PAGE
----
The usefulness of ICTs is on full display when it comes to international cooperation between authorities in civil and commercial litigation. The core international conventions on cross-border cooperation (currently in force) were drafted many decades ago, when the overwhelming growth of ICTs was unimaginable. Setting the focus on Latin America, where legal regional integration has not yet reached the level attained by the European Union, this article assesses whether the selected legal sources reject, tacitly accept, or encourage the use of ICTs in international cooperation. The analysis of international conventions, some soft law instruments and domestic PIL rules supports the argument that an adequate legal framework that accepts the use of ICTs in international cooperation is necessary. Indeed, there is no turning back from the use of technologies in this field, where modern and suitable regulation would strengthen legal certainty, of utmost importance for the parties involved in cross-border litigation.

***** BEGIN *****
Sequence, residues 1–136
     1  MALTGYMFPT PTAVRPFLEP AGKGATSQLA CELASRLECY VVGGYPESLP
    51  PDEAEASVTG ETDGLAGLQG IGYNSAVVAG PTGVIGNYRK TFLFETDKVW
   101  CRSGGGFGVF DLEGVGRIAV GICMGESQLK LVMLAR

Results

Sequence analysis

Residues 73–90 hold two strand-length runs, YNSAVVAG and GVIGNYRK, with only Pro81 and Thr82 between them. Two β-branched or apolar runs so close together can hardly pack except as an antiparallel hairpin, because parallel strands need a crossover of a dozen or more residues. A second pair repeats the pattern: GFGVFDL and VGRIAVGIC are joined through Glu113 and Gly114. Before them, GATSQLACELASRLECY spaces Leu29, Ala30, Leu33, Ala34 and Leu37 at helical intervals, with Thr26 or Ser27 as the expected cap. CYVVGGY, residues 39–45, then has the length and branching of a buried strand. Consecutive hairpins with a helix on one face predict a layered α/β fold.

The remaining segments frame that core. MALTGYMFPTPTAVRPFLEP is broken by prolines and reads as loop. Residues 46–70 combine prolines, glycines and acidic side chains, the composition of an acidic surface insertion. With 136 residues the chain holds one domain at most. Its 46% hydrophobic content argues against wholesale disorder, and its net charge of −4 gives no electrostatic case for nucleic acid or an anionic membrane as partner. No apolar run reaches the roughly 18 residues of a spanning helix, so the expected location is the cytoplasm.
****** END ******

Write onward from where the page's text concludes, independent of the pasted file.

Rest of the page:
Sirko Harder, “The territorial scope of Australia’s consumer guarantee provisions”